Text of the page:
This morning I started my my quick second-reading of Alan Jacobs’s recent release, How to Think. Over the last two years, Jacobs’ voice has become one that I both enjoy and heed. While he doesn’t blog as much as I would like (and beggars can’t be choosers), I do find that what he does blog is always a good challenge.
In a lot of ways, How to Think reminds me of The Tech-Wise Family. Both are smaller books, quick reads, that present some very practical concepts and actions. Thinking, of course, is a broad and winding thing, so there are some differences. Jacobs, wisely so, begins with a quick definition-of-sorts for thinking:
This is what thinking is: not the decision itself but what goes into the decision, the consideration, the assessment. It’s testing your own responses and weighing the available evidence; it’s grasping, as best you can and with all available and relevant senses, what is, and it’s also speculating, as carefully and responsibly as you can, about what might be. And it’s knowing when not to go it alone, and whom you should ask for help.
Even in teaching circles, we often speak of thinking without necessarily defining it. And because we deal so often with propositional truth and “obvious” facts, thinking can come across as something like an unnecessary skill. But it is a process, one that too often occurs below the surface. And we would be wise to pay attention to how we have learned to do it.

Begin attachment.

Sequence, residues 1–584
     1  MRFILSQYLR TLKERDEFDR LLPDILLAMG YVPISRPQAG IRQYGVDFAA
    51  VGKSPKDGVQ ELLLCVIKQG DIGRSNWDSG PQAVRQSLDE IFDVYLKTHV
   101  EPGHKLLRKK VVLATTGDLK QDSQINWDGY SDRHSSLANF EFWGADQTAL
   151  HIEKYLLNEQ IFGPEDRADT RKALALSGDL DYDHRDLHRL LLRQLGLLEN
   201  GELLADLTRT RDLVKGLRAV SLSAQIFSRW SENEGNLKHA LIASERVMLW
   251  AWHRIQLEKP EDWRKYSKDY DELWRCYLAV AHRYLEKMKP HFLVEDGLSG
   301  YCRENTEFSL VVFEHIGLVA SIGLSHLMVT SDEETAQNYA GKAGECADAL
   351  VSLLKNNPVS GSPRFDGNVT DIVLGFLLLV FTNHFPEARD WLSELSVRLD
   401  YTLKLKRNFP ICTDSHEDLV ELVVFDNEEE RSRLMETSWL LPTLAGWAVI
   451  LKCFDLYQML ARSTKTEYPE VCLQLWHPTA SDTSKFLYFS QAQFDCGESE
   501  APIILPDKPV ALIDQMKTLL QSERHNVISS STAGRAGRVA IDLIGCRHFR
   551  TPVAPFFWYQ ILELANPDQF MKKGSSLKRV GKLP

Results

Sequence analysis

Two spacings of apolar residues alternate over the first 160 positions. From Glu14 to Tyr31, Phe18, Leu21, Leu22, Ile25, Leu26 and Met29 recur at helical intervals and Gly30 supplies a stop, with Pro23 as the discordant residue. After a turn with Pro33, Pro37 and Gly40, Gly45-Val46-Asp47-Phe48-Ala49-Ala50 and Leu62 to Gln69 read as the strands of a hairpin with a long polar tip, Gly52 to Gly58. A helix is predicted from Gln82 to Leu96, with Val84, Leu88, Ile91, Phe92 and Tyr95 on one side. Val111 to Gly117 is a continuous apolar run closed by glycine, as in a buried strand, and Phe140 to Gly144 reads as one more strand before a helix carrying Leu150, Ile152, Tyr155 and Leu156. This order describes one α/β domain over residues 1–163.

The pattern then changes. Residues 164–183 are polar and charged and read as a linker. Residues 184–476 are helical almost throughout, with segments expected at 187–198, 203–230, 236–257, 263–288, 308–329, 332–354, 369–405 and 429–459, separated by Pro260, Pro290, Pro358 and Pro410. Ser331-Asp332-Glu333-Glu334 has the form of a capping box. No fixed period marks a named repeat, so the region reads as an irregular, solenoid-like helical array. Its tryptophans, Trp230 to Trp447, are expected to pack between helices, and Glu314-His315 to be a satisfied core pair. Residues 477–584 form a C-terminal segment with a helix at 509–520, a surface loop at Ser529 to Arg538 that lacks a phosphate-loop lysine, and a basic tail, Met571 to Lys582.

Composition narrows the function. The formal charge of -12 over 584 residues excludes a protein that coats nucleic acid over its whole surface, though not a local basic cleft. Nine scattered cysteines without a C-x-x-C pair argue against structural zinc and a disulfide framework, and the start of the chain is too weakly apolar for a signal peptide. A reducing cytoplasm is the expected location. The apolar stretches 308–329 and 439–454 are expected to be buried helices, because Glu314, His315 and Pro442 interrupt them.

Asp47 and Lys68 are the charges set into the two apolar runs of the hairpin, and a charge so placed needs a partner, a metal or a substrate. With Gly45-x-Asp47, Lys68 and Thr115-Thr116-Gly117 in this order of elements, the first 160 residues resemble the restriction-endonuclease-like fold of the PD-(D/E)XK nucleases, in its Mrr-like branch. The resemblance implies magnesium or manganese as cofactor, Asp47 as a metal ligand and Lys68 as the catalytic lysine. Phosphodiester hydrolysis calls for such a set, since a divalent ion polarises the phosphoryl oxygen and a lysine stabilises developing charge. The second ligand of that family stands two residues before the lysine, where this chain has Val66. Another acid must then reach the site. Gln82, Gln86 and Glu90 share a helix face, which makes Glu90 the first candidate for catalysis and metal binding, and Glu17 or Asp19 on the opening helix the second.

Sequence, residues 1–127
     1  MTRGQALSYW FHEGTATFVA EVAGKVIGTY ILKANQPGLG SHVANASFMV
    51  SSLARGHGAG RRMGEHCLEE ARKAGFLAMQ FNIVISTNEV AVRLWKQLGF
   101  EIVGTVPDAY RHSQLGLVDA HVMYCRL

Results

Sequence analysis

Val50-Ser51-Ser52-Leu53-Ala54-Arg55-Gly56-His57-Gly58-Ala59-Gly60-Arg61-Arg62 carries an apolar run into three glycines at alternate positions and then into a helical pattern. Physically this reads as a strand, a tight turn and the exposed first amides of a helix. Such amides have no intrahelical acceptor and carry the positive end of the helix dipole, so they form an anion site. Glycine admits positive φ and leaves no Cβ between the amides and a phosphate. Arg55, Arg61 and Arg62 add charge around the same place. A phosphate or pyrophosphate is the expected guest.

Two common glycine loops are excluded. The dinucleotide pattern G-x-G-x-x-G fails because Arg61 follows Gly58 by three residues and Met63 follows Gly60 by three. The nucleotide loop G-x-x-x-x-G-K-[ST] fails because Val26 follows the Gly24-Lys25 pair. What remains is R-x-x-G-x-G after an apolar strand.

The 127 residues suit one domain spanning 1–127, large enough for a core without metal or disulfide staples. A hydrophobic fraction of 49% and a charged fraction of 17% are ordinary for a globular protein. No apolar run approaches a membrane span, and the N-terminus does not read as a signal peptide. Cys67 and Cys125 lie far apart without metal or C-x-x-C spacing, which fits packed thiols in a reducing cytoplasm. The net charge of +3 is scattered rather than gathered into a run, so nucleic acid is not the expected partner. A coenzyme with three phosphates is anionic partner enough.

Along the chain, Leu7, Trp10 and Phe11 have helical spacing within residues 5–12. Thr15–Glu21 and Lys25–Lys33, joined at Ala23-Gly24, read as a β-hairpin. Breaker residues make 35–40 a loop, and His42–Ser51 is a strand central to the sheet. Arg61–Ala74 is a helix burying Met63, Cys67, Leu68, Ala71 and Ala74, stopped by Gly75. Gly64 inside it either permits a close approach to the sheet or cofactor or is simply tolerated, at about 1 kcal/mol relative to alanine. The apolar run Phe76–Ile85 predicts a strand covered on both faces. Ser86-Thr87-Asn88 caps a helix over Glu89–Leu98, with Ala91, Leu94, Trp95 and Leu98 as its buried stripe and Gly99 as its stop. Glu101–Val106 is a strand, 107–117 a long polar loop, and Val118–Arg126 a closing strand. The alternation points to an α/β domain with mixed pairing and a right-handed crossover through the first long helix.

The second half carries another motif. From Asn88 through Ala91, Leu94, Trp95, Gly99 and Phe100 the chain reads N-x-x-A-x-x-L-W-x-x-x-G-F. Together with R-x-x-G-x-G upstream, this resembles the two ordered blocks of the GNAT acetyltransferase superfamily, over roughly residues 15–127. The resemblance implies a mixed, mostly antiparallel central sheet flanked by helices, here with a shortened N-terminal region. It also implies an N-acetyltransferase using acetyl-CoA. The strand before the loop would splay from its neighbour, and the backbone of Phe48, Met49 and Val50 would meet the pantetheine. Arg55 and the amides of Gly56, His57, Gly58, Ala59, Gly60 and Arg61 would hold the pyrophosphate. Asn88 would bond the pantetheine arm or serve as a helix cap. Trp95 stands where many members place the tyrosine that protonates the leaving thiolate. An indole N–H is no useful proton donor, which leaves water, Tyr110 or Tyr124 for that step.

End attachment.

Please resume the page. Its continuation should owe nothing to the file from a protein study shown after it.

The book’s introduction alone is full of nice gems. One other that stands out to me has to do with the academic environment, something close to Jacobs’s heart as a college professor for three decades. Jacobs asserts:
So, again, no: academic life doesn’t do much to help one think, at least not in the sense in which I am commending thinking. It helps one to amass a body of knowledge and to learn and deploy certain approved rhetorical strategies, which requires a good memory, intellectual agility, and the like. But little about the academic life demands that you question your impulsive reactions—
Once again, learning as an engagement with obvious facts is nothing like what Jacobs seems to hope for his readers and students. Knowledge is necessary for good thinking, the first step out of the door, really.
You can purchase your own copy of How to Think here or get it wherever great books are sold (though you may have to ask where to find it . . . at the local Barnes & Noble, it was placed in the “brainpower” section, which I didn’t even know existed).